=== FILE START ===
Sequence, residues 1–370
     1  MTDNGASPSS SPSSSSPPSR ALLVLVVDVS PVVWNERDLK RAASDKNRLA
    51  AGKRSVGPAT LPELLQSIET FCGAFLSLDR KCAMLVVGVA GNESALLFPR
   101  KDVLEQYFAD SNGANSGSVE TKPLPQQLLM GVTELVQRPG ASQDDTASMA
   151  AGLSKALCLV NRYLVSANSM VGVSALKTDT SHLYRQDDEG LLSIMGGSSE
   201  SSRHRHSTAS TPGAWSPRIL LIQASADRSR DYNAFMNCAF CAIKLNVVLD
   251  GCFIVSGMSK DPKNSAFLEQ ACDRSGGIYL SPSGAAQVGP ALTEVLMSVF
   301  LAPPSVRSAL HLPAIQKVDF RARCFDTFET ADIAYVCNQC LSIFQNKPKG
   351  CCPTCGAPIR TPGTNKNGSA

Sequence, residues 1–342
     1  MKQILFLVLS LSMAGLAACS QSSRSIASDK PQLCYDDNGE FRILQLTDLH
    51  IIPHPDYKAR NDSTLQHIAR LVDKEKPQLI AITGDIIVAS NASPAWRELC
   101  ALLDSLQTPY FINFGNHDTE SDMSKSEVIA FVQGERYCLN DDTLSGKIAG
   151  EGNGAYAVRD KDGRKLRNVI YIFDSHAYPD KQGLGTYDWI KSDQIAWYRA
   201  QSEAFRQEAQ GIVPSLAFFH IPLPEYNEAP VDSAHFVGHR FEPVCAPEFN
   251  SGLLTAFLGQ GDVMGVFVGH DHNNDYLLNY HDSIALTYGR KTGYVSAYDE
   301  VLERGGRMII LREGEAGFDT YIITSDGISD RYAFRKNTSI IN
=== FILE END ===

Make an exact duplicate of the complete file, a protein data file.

Sequence, residues 1–370
     1  MTDNGASPSS SPSSSSPPSR ALLVLVVDVS PVVWNERDLK RAASDKNRLA
    51  AGKRSVGPAT LPELLQSIET FCGAFLSLDR KCAMLVVGVA GNESALLFPR
   101  KDVLEQYFAD SNGANSGSVE TKPLPQQLLM GVTELVQRPG ASQDDTASMA
   151  AGLSKALCLV NRYLVSANSM VGVSALKTDT SHLYRQDDEG LLSIMGGSSE
   201  SSRHRHSTAS TPGAWSPRIL LIQASADRSR DYNAFMNCAF CAIKLNVVLD
   251  GCFIVSGMSK DPKNSAFLEQ ACDRSGGIYL SPSGAAQVGP ALTEVLMSVF
   301  LAPPSVRSAL HLPAIQKVDF RARCFDTFET ADIAYVCNQC LSIFQNKPKG
   351  CCPTCGAPIR TPGTNKNGSA

Sequence, residues 1–342
     1  MKQILFLVLS LSMAGLAACS QSSRSIASDK PQLCYDDNGE FRILQLTDLH
    51  IIPHPDYKAR NDSTLQHIAR LVDKEKPQLI AITGDIIVAS NASPAWRELC
   101  ALLDSLQTPY FINFGNHDTE SDMSKSEVIA FVQGERYCLN DDTLSGKIAG
   151  EGNGAYAVRD KDGRKLRNVI YIFDSHAYPD KQGLGTYDWI KSDQIAWYRA
   201  QSEAFRQEAQ GIVPSLAFFH IPLPEYNEAP VDSAHFVGHR FEPVCAPEFN
   251  SGLLTAFLGQ GDVMGVFVGH DHNNDYLLNY HDSIALTYGR KTGYVSAYDE
   301  VLERGGRMII LREGEAGFDT YIITSDGISD RYAFRKNTSI IN